Our respected father had decided to take his unmarried children with him and to leave behind his married children for the time being. Two of our elder married sisters and Bhai Jaan, i.e. respected Muhammad Zaki Kaifi (May Allah Ta’ala’s mercy be upon him), had to stay in Deoband according to this resolution. Thus preparations began according to this resolution, and finally the day of 1st of May 1948 came on the night of which we had to depart from Deoband. I still remember that several ladies of our family had gathered in the drawing room of the house, and two of our sisters who were going with us, about whom I have written previously that they used to compose poetry, had composed a poem addressing the country. I remember the following couplet of that poem since then:
Greetings to you, as we’re going far away
Here, we’re shedding our last tears today
Those two sisters of mine were reciting their poem to the ladies, and all had tears in their eyes. That same night we took the train at Deoband, and our first stop was to be Delhi where, according to our plan, we were supposed to stay for one day. An officer of the Delhi Secretariat had come to Delhi station to receive our respected father (May Allah Ta’ala’s mercy be upon him), and we were to stay at his house for the night. He had come in a black Austin car. As far as I can remember, this was the first time I was seeing and travelling in a car, and I still remember the ecstacy of this honour, in that the fragrance pervading the car is still infused in my memory.
How did the day pass in Delhi? I don’t remember. But I do remember that the next day we boarded the train at Delhi Railway Station from the platform which is detached from the central platform (because this was the platform for trains which travel on the short railway line which goes towards Rajasthan). Even though it was decided for our elder brother to not migrate to Pakistan yet, he had come to send us off till Delhi. And I still remember the scene; he was standing alone, and our train was gradually leaving the platform. The bridges of Red Fort could be seen beside the platform. Thus, even after reaching Pakistan, whenever I would think about Bhai Jaan I would visualize him standing on that platform and behind him would be the Red Fort!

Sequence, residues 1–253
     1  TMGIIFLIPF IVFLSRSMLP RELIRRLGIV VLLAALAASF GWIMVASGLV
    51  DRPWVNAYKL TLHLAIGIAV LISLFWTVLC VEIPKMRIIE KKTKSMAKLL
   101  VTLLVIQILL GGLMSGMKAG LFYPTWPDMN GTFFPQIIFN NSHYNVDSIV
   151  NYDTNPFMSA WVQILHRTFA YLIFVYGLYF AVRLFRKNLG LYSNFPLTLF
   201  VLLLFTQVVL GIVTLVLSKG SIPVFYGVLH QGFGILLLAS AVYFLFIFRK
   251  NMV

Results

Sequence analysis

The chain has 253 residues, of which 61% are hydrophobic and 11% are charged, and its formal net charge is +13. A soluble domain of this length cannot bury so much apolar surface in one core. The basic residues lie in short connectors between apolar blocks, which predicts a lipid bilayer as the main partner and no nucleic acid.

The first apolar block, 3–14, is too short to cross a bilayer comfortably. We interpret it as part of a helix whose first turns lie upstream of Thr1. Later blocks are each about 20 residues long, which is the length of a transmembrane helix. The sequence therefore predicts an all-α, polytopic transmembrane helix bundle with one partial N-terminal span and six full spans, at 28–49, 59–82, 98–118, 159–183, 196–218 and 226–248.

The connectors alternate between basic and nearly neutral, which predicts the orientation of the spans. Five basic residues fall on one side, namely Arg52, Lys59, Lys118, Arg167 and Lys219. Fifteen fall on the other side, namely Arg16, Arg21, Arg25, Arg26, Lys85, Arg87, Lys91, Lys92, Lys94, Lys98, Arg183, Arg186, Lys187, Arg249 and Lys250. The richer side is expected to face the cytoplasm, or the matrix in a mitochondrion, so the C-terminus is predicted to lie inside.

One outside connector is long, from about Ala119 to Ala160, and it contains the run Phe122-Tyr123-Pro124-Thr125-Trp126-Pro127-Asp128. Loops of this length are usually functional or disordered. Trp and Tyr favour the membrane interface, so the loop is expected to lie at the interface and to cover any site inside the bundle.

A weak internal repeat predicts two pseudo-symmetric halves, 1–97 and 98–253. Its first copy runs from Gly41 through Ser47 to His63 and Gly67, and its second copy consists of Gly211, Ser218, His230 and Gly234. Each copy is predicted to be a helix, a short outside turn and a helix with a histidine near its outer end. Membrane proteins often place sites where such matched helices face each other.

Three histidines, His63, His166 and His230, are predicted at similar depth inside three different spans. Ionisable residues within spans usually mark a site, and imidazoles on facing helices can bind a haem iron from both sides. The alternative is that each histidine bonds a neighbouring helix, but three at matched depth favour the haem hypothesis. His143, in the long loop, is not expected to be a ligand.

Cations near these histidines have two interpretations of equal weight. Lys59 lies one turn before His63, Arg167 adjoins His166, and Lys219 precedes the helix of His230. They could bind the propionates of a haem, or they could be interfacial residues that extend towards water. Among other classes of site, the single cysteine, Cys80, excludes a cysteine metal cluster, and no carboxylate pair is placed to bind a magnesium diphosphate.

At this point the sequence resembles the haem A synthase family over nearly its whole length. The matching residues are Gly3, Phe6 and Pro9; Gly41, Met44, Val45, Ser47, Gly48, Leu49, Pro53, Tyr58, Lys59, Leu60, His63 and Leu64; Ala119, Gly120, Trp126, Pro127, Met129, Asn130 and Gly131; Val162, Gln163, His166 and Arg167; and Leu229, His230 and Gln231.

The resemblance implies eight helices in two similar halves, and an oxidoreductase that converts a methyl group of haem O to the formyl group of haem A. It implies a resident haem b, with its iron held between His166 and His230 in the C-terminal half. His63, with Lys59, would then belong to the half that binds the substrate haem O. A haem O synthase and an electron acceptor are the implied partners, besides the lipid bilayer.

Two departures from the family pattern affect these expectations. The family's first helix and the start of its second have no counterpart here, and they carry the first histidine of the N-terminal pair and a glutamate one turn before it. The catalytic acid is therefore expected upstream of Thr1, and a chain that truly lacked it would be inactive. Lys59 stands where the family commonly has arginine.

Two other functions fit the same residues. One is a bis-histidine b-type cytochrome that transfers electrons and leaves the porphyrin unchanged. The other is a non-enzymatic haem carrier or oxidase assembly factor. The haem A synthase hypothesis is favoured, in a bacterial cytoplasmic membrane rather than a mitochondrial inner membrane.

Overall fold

It is obvious that how would a child who is in his fifth year of life have any idea about the underlying hardships of leaving one’s country, the creation of a new country and permanently migrating to that country? As a result, I was blissfully ignorant of all those problems, and only knew that I have a long train journey with my parents and siblings. I would thus keep clinging to a window of the train chugging along, and would enjoy the hustle-bustle of each new station. I didn’t even know that before leaving any station the steam-exuding engine of the train whistles three times, and the train takes off after the third whistle. Thus when my two elder brothers would hear the sound of the whistle or see the green flag of the guard they would ask me: “Do you want to make the train move?” When I would nod in affirmation they would push a wall of the train and the train would start moving. And I would be dumbfounded how they could control the train while sitting inside? I also remember from this journey that I was sitting near a window with a roti in hand watching the scene of the train leaving the station when suddenly an eagle flew in and snatched the roti from my hand.
From Delhi we reached Jodhpur, the city in Rajasthan, and spent a night there. Of that stay I only remember that the house in which we stayed was adjacent to the railway track, from which I saw a foulsmelling cargo train which was probably used for throwing waste and garbage somewhere far away. From Jodhpur we reached Baarh Meel station where a box containing the clothes of two of our sisters was somehow lost, and finding which caused much distress. After this came the station after which Pakistan was to start. We had to pass customs check here, and Indian officers were doing a stringent check of the belongings of emigrants, especially not allowing them to carry any unstitched clothes. Perhaps this was done to make their slogan of “Hungry, naked Pakistan” a reality, to show the emigrants that they would not even have clothes to wear in the country they had demanded. Among our belongings was a sewing machine which also the Indian customs officers confiscated. After a grueling customs check our train departed, and soon we entered Pakistan. Our next station was Hyderabad,
Sindh, where also we also stayed for one night. I only remember one thing from that time; slanted air ducts could be seen in almost all houses, which were fascinating for us people from U.P.
After our stay in Hyderabad we finally reached Karachi City Railway Station on 6 May 1948. Hazrat
Maulana Ihtishamul Haq Sahab Thanwi and our respected father’s friend Khaleefah Muhammad ‘Aaqil